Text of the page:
The application of chemicals — most commonly salicylic acid — to dissolve the protein which makes up most of the wart and the thick layer of dead skin atop the wart; and then filing the verruca with an emery board or pumice stone. If the wart is stubborn then it may take several weeks or months to get rid of the warts completely.

2 The freezing method

Freezing agents, similar to the liquid nitrogen used by health professionals, are also available without prescription from pharmaceutical stores. For some warts a single dose may be sufficient, for stubborn warts it may take longer.

3 The home treatment method

It is increasingly possible to treat warts (including verrucas) at home.

It is advisable to seek professional advice if you’re concerned about whether the problem is definitely caused by warts, or if you have problems getting rid of the warts on your own. Dermatologists, or podiatrists have a number of other treatment methods.

4 Other treatments can include

• Laser treatment

• Surgical excision

• Cauterisation of the warts

• Chemical treatments

• Application of chemotherapy agents

• Liquid nitrogen freezing method.

How to prevent catching warts

Prevention is of course the preferred option, as warts are easily picked up by children and teenagers, who have not yet built up immunity.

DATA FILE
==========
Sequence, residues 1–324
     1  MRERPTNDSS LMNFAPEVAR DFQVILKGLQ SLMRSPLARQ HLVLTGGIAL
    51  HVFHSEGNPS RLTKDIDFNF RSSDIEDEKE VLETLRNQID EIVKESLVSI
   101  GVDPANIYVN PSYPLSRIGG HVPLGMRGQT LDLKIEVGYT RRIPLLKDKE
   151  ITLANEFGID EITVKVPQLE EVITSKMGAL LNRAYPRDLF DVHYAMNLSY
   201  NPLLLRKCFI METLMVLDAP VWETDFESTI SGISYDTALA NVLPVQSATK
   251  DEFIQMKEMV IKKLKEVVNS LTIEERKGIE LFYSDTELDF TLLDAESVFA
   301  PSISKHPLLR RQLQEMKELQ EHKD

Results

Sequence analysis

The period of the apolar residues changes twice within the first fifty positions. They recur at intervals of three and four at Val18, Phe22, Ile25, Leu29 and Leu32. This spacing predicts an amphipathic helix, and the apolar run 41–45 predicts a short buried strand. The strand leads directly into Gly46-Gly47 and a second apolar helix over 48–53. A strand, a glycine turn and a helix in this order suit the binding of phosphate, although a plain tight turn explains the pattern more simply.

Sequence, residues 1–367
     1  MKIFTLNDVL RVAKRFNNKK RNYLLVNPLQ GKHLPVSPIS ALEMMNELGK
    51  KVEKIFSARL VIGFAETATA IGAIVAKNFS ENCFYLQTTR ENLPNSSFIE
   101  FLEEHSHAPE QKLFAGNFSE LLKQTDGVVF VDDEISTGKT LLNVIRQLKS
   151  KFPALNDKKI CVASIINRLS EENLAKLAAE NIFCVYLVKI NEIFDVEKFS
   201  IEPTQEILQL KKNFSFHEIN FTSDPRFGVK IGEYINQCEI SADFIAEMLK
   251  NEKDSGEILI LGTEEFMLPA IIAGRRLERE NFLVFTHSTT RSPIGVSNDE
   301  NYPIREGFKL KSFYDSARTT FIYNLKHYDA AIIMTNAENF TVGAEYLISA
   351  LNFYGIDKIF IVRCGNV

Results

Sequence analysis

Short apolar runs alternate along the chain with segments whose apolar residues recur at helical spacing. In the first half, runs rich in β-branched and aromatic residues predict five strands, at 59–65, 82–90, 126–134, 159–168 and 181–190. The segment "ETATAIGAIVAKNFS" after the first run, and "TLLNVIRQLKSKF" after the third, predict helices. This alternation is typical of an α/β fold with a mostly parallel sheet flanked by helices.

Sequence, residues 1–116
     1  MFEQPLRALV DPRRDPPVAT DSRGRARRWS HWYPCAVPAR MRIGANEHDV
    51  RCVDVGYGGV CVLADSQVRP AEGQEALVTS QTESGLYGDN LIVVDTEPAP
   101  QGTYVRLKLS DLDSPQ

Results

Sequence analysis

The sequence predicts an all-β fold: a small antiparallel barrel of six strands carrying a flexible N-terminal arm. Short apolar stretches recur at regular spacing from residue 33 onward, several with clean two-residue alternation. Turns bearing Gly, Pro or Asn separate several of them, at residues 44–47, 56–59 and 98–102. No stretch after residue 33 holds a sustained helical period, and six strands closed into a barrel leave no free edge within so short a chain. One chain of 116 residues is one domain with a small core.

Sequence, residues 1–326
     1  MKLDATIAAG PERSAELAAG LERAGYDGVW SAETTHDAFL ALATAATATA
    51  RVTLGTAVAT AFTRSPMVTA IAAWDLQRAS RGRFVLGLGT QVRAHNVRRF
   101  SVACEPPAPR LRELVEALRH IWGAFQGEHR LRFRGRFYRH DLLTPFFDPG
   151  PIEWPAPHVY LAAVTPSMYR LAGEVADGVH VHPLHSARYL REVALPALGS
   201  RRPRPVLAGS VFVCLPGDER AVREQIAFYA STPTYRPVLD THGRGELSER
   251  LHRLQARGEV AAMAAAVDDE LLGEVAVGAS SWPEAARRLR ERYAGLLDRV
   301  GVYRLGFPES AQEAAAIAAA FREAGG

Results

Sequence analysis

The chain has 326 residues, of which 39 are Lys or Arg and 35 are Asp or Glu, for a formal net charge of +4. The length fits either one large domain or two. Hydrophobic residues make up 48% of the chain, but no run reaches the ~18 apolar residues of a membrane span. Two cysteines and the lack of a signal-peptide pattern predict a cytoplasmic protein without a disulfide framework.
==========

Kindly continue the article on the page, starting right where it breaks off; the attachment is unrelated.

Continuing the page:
Verruca socks may be worn;  jandals can be left by the pool and popped on as soon as kids are out of the pool; and jandals again when in public showers and changing rooms.

Take care of those hands and feet (and anywhere else on their bodies), and treat problems as soon as possible!

Now that you know treating and preventing warts, you may want to know about 6 common contagious infections kids get from school. Or, for more expert health advice check out Health and wellbeing section.

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Kimberley Paterson is a writer and public relations expert living in Whangaparaoa. She had an initial career as a registered nurse and has spent the last 20 years writing about health and well-being.

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Please help. My son has some verrucas on his foot. We treated them with many over the counter products over the course of a year, but none had any effect. We took him to a podiatrist who scratched and prodded and treated with black/dark liquid over several weeks. He was referred to a surgeon in the city as the treatment was deemed ineffective. We paid $600 to have the verrucas cut out. They grew back within 6 weeks. We started treatment again as he didn’t want them cut out again due to the pain, but again, no good. We took… Read more »

Rochelle Gribble

Hi Liz,

Sounds like you’ve been having a tough time! As I’m sure you’re aware, warts and verruccas are a virus and can be related to an underlying immunity issue. If you’ve not had any luck with conventional medicine, you may like to consider trying a naturopath or other kind of practitioner.

Good luck with this!